Oct. 2, 2007— -- While concussions are on the rise among all young athletes in the United States, girls may run a higher risk of suffering concussions than their male counterparts engaging in the same sports, researchers say.
Concussions result from a blow to the head that causes the brain to slam against the inner wall of the skull. Bleeding or tearing of the nerve fibers causes symptoms such as headaches, dizziness, confusion, loss of consciousness and amnesia.
A new study to be published in the Journal of Athletic Training found that in high school soccer, girls sustained this type of head trauma 68 percent more often than boys did. Female concussion rates in high school basketball were almost three times higher, and girls took longer to recover and to return to play compared with boys.
Researchers at Ohio State University and Nationwide Hospital in Ohio obtained the findings using data from national high school and collegiate injury surveillance systems.
"This finding re-emphasizes the fact that concussions aren't just a concern for high school football players; they can happen to athletes playing all types of sports," says study co-author and assistant professor at the Ohio State University College of Medicine, Dawn Comstock.
Physicians not affiliated with the study agree that the issue of concussions in young female athletes needs more attention.
"What is very important about this article is that it points out that concussions occur in girls' sports with significant frequency, and that girls and their parents need to be aware that these injuries must be carefully managed to prevent permanent damage," says Dr. Jean Ogborn, a pediatric emergency medicine specialist at Johns Hopkins Children's Center.
There are both physiological and sociocultural explanations for differences in concussion rates between males and females, including different styles of play, muscle strengths and cultural norms.
Increasing numbers of competitive female athletes may be one explanation.
"As more public attention and money flows toward girls' sports, they are becoming increasingly competitive, and girls are being pressured to increase their level of play and toughness," says Ogborn. "This may lead to more injury-prone activities in larger numbers of girls than ever before."
Differences in the game itself may be another reason for the difference. "The style of play in comparable sports is different," says Christopher Ingersoll, editor-in-chief of the Journal of Athletic Training and a professor of sports medicine at the University of Virginia.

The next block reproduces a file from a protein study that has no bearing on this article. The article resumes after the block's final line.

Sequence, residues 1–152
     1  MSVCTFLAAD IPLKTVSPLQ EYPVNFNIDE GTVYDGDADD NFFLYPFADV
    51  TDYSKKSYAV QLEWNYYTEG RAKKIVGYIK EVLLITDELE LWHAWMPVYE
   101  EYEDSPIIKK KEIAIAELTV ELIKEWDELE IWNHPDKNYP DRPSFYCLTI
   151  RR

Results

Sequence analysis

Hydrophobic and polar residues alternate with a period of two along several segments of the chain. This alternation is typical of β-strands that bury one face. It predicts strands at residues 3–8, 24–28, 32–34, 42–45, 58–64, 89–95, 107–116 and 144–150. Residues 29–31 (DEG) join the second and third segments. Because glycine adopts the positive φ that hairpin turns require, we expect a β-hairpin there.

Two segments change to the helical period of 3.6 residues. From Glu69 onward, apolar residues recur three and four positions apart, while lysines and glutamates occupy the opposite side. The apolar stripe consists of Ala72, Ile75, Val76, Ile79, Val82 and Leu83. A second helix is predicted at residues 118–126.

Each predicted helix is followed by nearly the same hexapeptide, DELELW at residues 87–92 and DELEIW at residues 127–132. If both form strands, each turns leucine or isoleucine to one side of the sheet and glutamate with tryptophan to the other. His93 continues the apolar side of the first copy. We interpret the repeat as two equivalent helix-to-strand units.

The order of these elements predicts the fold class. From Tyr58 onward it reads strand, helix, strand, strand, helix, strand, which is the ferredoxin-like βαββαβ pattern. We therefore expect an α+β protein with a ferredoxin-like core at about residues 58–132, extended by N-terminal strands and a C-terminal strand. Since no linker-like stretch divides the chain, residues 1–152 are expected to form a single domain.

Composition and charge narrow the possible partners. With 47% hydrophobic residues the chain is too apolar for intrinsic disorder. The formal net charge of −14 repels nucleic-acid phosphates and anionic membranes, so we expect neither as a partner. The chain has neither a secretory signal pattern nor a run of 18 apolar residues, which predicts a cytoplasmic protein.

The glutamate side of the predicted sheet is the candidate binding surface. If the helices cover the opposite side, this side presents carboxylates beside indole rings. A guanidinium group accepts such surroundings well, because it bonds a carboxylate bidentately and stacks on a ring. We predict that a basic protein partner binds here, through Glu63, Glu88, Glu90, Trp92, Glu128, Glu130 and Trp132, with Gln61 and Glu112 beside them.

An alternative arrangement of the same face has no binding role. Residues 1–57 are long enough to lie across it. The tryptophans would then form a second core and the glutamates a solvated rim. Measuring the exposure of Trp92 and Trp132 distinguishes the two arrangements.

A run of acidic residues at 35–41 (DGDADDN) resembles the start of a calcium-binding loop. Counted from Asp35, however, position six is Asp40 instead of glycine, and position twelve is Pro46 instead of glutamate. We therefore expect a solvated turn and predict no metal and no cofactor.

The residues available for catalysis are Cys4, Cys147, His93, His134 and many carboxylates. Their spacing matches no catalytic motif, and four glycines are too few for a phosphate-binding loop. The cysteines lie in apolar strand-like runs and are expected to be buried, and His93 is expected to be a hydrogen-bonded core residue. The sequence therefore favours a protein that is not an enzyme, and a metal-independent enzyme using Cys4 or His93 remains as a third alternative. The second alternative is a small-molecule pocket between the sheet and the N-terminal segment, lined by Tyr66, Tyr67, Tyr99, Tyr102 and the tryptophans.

"Look at baseball versus softball, for example. There are different ways of pitching," he says. "In lacrosse, there are different rules for men and women and different equipment. Men have to wear helmets with face masks; women don't."
Because the same sport is played differently by men and women, there are likely to be differences in injuries. In the study, researchers found that boys and girls playing the same sport sustained concussions from playing different positions.
In soccer, boys suffered concussions while goaltending, whereas girls tended to sustain concussions while defending. In basketball, more boys sustained concussions while rebounding and chasing loose balls, whereas more girls got concussions from defending and ball handling.
Differences in training may also be a factor. Ingersoll explains how in ice hockey, for example, men are allowed to body check opponents whereas women are not. As a result, men practice checking in scrimmages and become accustomed to that style of play. Women are less prepared to be smashed against the ice because it doesn't happen as often.
From an anatomical perspective, men have stronger and more developed neck muscles, allowing them to better absorb a blow to the head. "Because girls' neck muscles are not as developed, they may be at a higher risk and may suffer more serious concussions," says Comstock.
Cultural factors might also explain the differences in concussion rates. "Coaches and parents may be more sensitive to injury in the female head," says Ingersoll. "Culturally, it may be OK for girls to talk about a concussion. Athletes who play tough, macho sports may not be as open to talking about a concussion."
Comstock agrees. "As a society, we protect girls more than boys. Boys have to be tough and learn to play through pain, so they will be less likely to report a concussion."
Researchers were most concerned about the fact that concussion rates in general are increasing in high school sports.
"It appears that concussion rates are increasing in high school sports," says Comstock. "We found that they account for 9 percent of all high school athletic injuries. A decade ago, concussions caused only 5.5 percent of all sports-related injuries."
A couple of other factors may also explain the overall rise in concussions. It may be that high school kids are bigger, stronger and faster these days so that collisions between players are more forceful and dangerous.
It may also be that athletes and coaches are doing a better job of documenting them.
"More athletes, coaches and athletic trainers are more aware that concussions are a serious injury," says Comstock. "That's good news, because concussed athletes will be more likely to receive medical attention."
To further protect young athletes from serious injury, researchers recommend educational programs, improved protective equipment and better enforcement of rules.
"We need to make sure athletes, coaches and parents are aware that concussions are a serious injury," Comstock says.
Says Ogborn: "Parents and coaches and primary physicians should all know the definitions of concussion, the signs of continued post-concussion syndrome, the guidelines for return to normal activity ... and the signs that should keep an athlete out of play for the entire season or longer."